Columbia is the subject of in-depth profile by the New York Times, which visited The Capital City to detail “a snapshot of economic woe.”
Midway through the piece, the Times interviews Lori Harris, a 47-year-old looking for work. A year ago, she graduated with an associate degree in medical assisting but hasn’t found the job market to her liking.
Ms. Harris said she was offered one job, as a medical technician dispensing pills to patients, but the pay was $7.50 an hour, the Times reported.
“Forget it,” she told reporter Peter S. Goodman. “I was like, ‘Is it worth going to college? Did I waste my time?’”
Ms. Harris “wondered if her age explains the rejections. Or her Boston accent. Or the smell of her cigarette smoking.”
Sadly, Ms. Harris apparently took no economics courses while working toward her associate degree.
First, $7,50 an hour isn’t a great wage, but it’s still better than nothing. In an economic downturn such as the US is currently experiencing, employers usually hold the advantage. They can afford to be choosy in terms of who they hire and how much they pay because there is an abundance of job seekers.
In a year or so, when the economy inevitably turns around, it will likely be an employee’s market, where those looking for jobs will have more options to pick from, both in terms of the work they’re offered and how much they’ll receive as compensation.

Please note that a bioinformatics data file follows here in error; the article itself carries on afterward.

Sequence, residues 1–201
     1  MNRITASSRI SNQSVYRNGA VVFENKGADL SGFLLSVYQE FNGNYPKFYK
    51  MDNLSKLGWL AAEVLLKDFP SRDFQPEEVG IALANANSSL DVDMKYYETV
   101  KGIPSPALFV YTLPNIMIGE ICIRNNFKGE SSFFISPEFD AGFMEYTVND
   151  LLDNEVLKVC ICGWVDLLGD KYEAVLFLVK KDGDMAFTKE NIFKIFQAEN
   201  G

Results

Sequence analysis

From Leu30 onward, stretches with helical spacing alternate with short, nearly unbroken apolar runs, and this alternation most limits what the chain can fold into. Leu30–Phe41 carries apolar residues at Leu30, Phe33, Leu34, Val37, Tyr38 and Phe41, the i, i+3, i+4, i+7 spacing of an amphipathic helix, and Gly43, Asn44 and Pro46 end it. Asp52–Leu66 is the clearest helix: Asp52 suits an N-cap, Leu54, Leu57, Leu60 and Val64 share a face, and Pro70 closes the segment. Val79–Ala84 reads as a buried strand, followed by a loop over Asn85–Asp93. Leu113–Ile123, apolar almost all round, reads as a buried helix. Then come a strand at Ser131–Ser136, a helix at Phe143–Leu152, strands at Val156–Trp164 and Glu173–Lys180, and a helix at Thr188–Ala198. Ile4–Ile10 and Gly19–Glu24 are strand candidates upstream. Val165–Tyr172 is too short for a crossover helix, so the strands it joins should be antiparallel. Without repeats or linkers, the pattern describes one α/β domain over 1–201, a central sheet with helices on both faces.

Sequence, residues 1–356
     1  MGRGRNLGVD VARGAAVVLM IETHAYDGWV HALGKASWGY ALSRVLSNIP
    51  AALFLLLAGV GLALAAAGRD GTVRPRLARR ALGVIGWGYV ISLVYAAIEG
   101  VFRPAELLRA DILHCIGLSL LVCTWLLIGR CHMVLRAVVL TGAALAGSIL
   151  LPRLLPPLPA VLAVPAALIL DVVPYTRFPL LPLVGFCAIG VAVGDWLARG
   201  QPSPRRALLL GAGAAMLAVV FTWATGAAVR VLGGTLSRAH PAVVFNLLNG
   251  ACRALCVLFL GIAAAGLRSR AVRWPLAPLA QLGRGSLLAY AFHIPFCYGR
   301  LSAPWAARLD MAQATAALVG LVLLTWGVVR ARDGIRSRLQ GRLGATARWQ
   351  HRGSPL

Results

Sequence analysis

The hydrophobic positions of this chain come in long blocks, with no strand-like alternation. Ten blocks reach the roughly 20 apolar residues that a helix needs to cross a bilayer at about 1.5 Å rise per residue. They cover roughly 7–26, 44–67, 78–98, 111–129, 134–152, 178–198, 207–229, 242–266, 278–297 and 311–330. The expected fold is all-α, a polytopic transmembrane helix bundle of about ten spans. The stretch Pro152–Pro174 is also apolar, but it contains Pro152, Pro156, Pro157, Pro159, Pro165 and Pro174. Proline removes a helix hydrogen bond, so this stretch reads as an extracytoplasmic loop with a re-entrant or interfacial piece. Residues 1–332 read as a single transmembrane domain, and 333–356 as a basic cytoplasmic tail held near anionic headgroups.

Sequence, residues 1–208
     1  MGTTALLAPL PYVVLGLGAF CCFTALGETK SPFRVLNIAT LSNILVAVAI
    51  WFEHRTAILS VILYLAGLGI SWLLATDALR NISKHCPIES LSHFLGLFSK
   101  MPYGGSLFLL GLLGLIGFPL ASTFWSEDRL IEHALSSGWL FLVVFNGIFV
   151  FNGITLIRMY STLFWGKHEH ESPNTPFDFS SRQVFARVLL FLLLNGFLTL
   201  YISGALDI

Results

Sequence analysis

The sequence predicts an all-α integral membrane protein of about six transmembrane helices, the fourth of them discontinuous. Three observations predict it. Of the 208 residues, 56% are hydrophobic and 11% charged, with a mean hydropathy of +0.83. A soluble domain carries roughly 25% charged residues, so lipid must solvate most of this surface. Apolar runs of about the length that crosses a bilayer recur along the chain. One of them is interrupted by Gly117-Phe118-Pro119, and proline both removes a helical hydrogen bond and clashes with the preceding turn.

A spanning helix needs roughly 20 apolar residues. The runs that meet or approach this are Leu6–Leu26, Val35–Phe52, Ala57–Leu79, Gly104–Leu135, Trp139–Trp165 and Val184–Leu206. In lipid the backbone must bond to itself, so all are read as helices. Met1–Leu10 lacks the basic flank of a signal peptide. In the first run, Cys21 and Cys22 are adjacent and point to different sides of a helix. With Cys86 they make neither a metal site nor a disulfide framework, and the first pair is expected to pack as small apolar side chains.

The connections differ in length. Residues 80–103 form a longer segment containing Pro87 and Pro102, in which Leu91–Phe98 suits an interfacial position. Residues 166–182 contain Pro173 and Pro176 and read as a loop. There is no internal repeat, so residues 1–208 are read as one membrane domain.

Unfortunately, Ms. Harris is only hurting herself by choosing not to work rather than taking a wage that she feels is not commensurate with her abilities. A better course of action would be to take the $7.50-an-hour job while keeping an eye out for a better-paying position.
Even if she can’t find another job beyond the $7.50-an-hour opportunity, she’ll be able to pad her resume so that when the economy does turn around and more jobs are available, she’ll be a in a better position to command more money.
As to Ms. Harris’s questions about whether her age, Boston accent or the fact that she smells like cigarettes hurt her in her job quest, the answers are probably “no,” “no” and “quite possibly.”
An employer is not going to take it as a good omen that someone seeking a job in the medical industry reeks of cigarettes. If you can’t scrub yourself up enough to make a good impression during a job interview, what are you going to be like on the job?
Again, it’s a matter of economics. No matter the industry, if you have three applicants for a single position and two are clean but the third is a walking advertisement for Marlboro, that third applicant is going to have a tough row to hoe.